With Brain Training For Dogs you’ll save yourself a ton of time and effort. Instead of banging your head against the wall trying to figure out why your dog won’t listen, you’ll follow a path that has been tried, tested, and most importantly, that’s given proven results. Not to mention the fact, you’ll be able to fit the course around your schedule, not fit your schedule around a trainer or obedience class.
So instead of worrying about whether they’re going to be well-behaved or not, you’ll only have to worry about how much fun you’ll have with them!
And in most cases it’s still going to be:
- Cheaper than hiring a professional.
- Cheaper than replacing everything they might break.
- And definitely cheaper than a lawsuit against you, if they decide to bite someone.
Just imagine how great it will feel to finally be able to trust your Aussie completely and never worry whether they’ll be naughty or not. Instead, you’ll have the peace of mind that you have a well-behaved pup, and the boundaries you set for them, will always be there, EVEN IF YOU’RE NOT.
And the best part is it also has a 60-day money-back guarantee! So there’s no reason not to give Brain Training For Dogs a try!
So if you’re tired of your dog’s bad behavior, or how they react around other people and pooches, then give it a try! You’ll be amazed by the results!
(You can also check out a full review here, to learn exactly what the course has to offer!)
What Dogs Look Like Australian Shepherds?
We all know aesthetics aren’t everything, but whether we like it or not, they are a factor when it comes to choosing our furry companions – and there’s no denying that Australian Shepherds are exceptionally beautiful animals, with their marbled coats and gorgeous floppy ears.
So, if you want a canine companion which looks like an Australian Shepherd but doesn’t necessarily share its common personality traits, here are a few options.
Much smaller in size than Australian Shepherds, Shetland Sheepdogs may prove easier to handle if you live in a small space. They are often shedders and still require a lot of exercise, but they tend to be easier around other dogs and people.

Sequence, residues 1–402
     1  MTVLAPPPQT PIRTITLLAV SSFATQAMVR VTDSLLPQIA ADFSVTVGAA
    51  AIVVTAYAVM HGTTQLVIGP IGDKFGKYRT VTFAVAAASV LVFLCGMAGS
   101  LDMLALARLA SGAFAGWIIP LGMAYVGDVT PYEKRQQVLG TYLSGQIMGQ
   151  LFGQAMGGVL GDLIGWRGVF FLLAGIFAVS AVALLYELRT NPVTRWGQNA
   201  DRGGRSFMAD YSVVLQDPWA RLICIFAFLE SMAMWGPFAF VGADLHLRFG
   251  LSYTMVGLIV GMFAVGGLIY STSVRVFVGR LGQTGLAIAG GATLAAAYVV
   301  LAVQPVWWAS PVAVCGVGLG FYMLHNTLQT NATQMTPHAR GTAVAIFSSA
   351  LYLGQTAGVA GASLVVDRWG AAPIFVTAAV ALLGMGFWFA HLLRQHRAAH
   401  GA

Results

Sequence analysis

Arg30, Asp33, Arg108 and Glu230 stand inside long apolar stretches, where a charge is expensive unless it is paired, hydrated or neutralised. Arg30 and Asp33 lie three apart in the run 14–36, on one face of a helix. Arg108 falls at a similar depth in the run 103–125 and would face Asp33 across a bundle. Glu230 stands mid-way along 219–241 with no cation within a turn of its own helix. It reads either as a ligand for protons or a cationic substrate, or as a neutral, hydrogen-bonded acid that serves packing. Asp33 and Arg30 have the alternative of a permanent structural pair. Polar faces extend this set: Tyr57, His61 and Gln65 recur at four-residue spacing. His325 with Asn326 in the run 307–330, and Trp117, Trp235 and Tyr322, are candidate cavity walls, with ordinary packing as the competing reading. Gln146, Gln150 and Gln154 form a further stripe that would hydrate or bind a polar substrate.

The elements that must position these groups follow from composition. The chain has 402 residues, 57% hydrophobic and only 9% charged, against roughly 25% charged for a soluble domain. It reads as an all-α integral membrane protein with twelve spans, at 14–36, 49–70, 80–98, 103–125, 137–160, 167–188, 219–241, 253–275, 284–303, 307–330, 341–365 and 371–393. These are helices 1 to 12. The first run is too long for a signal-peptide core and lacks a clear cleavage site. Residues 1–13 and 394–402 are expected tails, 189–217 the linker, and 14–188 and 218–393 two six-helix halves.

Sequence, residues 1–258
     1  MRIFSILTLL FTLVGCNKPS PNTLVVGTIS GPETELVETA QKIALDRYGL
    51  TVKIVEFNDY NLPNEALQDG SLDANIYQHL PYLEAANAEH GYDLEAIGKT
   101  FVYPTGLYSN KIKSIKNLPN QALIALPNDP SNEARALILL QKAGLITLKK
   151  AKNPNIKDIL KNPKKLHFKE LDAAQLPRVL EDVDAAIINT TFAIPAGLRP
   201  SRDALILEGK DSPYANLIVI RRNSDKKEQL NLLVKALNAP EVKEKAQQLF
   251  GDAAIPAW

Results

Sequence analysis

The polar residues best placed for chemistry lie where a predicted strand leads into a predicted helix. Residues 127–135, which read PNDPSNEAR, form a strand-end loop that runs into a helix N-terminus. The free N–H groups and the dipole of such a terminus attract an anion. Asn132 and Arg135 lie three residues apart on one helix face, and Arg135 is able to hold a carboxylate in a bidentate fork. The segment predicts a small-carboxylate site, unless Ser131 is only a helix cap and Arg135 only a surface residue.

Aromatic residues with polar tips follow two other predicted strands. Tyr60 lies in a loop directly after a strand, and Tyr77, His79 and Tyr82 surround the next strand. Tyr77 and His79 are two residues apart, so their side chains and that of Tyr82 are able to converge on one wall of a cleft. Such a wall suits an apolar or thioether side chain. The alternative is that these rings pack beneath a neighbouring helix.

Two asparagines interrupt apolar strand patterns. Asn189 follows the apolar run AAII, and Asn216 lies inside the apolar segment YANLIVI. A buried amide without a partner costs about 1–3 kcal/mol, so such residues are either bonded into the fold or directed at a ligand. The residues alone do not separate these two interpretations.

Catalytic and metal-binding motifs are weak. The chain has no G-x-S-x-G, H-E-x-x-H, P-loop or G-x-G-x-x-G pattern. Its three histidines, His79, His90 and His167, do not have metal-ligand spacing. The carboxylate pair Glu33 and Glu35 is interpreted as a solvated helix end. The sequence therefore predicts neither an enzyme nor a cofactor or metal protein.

With long, soft coats and that classic “shepherd” shape, these are a good second choice, though they rarely have the same beautiful coloring as Australian Shepherds and tend to look a bit more like Border Collies.
Miniature Australian Shepherd
This may seem a bit of an obvious one to include in the list, but if you really want the looks of an Australian Shepherd but can’t handle their energy and size, a miniature version might be the way to go. They are still highly energetic, but their short legs will have to work harder to keep up with yours!
In terms of looks, they are pretty identical apart from being smaller. They often stand at about 13-17 inches high, and they are utterly adorable!
Blue Merle Collie
We already mentioned Collies as being similar to Australian Shepherds in terms of their personalities, but they are also a good match in terms of looks – especially those with blue merle coloring.
Their size and shape is similar too, and even standard Collies have a lot in common with the aesthetics of an Australian Shepherd. Collies with pricked-up ears may look a little different, but otherwise, they are probably about as close as you will come to a lookalike. In fact, many places have trouble telling the two breeds apart!
If you are a fan of the stockiness and solidity of Australian Shepherds, you might find a Leonberger suits your tastes. They have medium to long coats and are a heavier build, but they do share something of the Australian Shepherd’s shape.
Is An Australian Cattle Dog The Same As An Australian Shepherd?
Cattle dogs are not the same as Australian Shepherds. They are very distinctive in appearance and they have very different coats. They also differ in their temperaments. They are both very high-energy dogs, so they are pretty much equal in their activity needs.
They are both very intelligent, and they both adore their families! They are both also easy to train.
Australian Shepherds are fantastic dogs if you have the time and energy to invest in them; they will reward you with excellent behavior, loyalty, and friendliness. However, if an Australian Shepherd isn’t a good fit for you and your circumstances, understanding its characteristics can help you connect with other breeds which may suit you better.
Border Collies, Poodles, and other working dogs share a lot in terms of intelligence and temperament, while Leonbergers and other stocky dogs offer some of that lovely solidity and chunkiness which Australian Shepherds embody.
Remember to get to know your dog before taking it home, so you can both be sure it’s the right choice for you!